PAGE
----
By Kristen Johnson, Staff Writer - More than $75.5 million in proposed capital expenditures over the next five fiscal years could force Davidson County to raise property taxes by as much as five cents.
County budget officer Zeb Hanner presented members of the Davidson County Board of Commissioners with a spreadsheet detailing previous capital commitments during Friday’s portion of the board’s retreat.
If all 54 proposed expenditures are made in the next five fiscal years, the commissioners would be forced into a 3-cent property tax increase for the 2003-04 fiscal year.
A proposed property revaluation in 2005-06 could decrease property taxes by 1-cent, but another 3-cent increase in the tax rate could come during the 2007-08 fiscal year.
The county’s tax rate, currently 53 cents per $100 of property tax valuation, would increase to 58 cents by 2007.
“We’re building nearly $40 million worth of schools and putting sewer in the ground,” commissioner Max Walser said. “Tax increases make citizens mad, but someone’s got to pay the piper.
“What do you do? Do you do a tax increase, do you cut services, do you start up user fees, do you do a combination — what?”
The proposed list of capital expenditures includes $2.95 million in renovations and expansions to the North Davidson, Lexington, and Denton branches of the county library system; $443,000 in improvements to four of the county’s parks; $8.91 million in sewer projects; $39.61 million in county school projects; $8.5 million and $13 million in school expansion and renovation money for Thomasville City Schools and Lexington City Schools, respectively; and $6.59 million in landfill improvements.
“I really don’t know about the library requests,” commissioner Billy Joe Kepley said. “It seems like North Davidson just had some big expansion done five or six years ago."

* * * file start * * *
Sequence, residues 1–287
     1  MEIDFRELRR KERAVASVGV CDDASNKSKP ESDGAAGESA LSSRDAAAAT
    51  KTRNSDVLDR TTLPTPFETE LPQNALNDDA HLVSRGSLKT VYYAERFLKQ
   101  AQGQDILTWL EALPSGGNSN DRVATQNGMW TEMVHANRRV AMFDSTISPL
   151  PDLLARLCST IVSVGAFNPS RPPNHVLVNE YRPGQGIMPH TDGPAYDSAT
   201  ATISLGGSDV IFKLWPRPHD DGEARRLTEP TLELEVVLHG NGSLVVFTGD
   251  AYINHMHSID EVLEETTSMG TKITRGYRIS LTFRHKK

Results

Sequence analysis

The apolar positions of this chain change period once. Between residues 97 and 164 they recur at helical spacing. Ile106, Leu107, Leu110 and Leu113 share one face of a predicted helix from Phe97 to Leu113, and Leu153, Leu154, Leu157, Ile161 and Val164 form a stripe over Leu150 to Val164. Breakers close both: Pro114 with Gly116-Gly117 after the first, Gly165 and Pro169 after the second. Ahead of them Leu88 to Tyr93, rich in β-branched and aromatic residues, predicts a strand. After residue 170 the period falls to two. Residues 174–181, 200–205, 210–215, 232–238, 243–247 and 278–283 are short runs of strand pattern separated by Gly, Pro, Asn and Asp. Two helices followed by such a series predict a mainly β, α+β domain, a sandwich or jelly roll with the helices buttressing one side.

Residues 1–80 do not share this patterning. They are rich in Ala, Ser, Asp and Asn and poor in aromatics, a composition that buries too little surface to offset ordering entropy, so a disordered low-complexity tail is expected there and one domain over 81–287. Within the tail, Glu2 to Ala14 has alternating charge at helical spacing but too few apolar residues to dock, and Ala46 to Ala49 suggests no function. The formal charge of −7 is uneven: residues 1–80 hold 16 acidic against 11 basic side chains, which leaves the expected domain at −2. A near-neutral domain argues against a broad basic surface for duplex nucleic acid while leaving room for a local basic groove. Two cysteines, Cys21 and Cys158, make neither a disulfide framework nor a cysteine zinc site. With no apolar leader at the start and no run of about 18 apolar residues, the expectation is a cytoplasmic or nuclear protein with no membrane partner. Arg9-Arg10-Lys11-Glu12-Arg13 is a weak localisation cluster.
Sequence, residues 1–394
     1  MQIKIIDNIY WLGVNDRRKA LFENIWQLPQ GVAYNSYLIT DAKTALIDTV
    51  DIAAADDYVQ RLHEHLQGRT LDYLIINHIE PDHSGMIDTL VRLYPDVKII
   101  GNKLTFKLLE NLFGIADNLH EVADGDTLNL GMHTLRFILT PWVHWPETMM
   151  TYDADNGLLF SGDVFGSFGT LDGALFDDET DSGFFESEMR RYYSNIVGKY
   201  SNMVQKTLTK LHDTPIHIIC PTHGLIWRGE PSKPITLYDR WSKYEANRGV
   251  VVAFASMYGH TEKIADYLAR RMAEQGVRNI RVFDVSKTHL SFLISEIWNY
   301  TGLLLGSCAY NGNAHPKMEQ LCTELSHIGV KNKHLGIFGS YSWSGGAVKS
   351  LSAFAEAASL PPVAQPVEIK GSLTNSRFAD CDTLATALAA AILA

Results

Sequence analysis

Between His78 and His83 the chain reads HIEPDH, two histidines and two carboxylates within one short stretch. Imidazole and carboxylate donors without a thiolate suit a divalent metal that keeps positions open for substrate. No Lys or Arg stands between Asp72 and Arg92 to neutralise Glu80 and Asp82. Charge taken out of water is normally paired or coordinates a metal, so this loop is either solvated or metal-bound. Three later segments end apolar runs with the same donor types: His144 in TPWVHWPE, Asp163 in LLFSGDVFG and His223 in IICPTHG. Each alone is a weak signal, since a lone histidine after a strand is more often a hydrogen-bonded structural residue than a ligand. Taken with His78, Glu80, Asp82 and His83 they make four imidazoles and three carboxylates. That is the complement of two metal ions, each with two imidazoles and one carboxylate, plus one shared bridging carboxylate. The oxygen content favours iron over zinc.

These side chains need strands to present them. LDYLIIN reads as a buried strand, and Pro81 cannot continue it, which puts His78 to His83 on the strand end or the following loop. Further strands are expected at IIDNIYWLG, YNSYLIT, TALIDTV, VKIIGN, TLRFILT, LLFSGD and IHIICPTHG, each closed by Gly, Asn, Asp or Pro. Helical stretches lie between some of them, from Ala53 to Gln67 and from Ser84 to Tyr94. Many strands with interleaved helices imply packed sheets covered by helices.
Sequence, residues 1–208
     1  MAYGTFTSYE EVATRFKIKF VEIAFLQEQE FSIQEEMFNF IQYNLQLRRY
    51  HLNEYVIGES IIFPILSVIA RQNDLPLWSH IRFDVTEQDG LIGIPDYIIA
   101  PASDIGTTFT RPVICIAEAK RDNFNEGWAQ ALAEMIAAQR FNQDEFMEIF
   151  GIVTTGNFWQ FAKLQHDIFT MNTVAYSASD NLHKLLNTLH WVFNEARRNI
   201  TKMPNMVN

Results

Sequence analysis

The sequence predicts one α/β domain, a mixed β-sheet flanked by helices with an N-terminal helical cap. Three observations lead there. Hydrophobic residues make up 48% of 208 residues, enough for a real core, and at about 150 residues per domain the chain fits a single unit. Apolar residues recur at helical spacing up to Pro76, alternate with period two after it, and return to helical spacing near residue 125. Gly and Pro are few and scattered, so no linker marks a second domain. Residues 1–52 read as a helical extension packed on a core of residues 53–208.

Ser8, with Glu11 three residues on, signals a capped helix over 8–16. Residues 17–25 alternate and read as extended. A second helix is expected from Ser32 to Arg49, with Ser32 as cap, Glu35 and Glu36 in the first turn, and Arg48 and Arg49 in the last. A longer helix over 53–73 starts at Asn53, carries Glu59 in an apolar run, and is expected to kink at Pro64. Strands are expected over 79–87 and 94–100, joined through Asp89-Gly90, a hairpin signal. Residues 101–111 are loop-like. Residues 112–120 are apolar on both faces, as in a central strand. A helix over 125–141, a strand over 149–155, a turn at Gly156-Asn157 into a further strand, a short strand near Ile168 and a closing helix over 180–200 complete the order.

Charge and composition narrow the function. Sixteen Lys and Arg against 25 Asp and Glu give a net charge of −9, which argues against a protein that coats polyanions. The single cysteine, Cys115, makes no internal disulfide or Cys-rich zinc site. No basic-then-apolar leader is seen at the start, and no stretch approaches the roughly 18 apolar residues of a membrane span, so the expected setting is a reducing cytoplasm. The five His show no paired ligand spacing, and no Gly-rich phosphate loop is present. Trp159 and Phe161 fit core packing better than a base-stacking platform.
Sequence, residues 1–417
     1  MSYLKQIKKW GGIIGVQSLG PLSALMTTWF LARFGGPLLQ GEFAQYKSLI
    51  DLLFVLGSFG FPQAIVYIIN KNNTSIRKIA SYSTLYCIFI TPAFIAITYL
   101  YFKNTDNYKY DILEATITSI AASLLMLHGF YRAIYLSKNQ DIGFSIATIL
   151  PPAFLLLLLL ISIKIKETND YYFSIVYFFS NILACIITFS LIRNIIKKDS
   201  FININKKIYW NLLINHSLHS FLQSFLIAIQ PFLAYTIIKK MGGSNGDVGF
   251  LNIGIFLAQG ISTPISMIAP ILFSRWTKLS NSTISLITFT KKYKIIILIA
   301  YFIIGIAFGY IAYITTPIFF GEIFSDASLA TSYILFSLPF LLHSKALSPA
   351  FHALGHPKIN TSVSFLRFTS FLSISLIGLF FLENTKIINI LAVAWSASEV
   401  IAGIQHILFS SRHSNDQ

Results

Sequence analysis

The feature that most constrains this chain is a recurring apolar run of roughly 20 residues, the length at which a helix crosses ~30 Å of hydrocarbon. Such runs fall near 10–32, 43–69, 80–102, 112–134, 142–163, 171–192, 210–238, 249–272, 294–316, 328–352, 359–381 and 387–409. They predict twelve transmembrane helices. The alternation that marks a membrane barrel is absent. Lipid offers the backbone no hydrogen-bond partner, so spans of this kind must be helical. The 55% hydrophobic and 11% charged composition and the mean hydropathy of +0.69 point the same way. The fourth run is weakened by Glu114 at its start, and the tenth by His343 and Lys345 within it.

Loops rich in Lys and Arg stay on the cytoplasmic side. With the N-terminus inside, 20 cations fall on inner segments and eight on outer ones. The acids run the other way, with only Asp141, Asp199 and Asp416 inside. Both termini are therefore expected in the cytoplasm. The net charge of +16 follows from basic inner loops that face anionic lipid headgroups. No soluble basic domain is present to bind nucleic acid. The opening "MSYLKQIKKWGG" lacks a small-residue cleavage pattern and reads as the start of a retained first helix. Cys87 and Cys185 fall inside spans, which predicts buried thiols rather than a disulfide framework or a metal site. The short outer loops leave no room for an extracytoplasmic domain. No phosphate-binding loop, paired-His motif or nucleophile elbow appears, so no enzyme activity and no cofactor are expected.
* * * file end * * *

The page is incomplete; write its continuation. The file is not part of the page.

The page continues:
Kepley said at the time the library was expanded, commissioners were told the expansion would be good for 15-20 years.
“Either we did some bad planning then or we’re about to do some now,” he said.
Board consensus was library expansion is not a high priority, as opposed to school construction and the construction of new ambulance bases in Tyro and Denton.
“We really need to prioritize with this year’s budget,” commissioner Priscilla Hege said. “I’d need some justification for all this.”
County department heads were given the opportunity to meet with commissioners and discuss budget needs for upcoming fiscal years.
County recreation director Bill Parnell told commissioners equipment at the county’s parks — Linwood, Southmont, Denton and East Optimist in particular — needed to be replaced.
“Some of it’s 20 years old,” Parnell said. “We are desperate for money to clean these parks up.”
Parnell pointed out aging and rusted slides and swingsets, loose wires on crooked poles, bad roofs over dugouts, broken bleachers, and cracked tennis courts.
“This is a real need,” Walser said. “It’s embarrassing to take a CEO there and try to explain that Davidson County offers great quality of life.
“I’d rather not have parks at all than have some that look like these.”
Proposed landfill improvements include $1.33 million for leachate storage tanks and $3.6 million for the construction of phase two of the landfill’s expansion.
“Roughly $72 million of the $75 million in capital expenditures is either financed or paid out of the county’s General Fund,” Hanner said.
In spite of that figure, the county’s debt will rise to just $79 million from its current $29 million. North Carolina law allows Davidson County to borrow up to $790 million.
“It seems to me like some previous boards have just made financial commitments for future boards to figure out how to pay for,” commissioner Sam Watford said. “I can tell you right now that some of these projects are going to move slower than they are on paper.”
“My hat’s off to you commissioners,” Hanner said at the end of his presentation. “You’ve got some very, very hard decisions to make.”
Staff writer Kristen Johnson can be reached at 472-9500, ext. 232, or at firstname.lastname@example.org.
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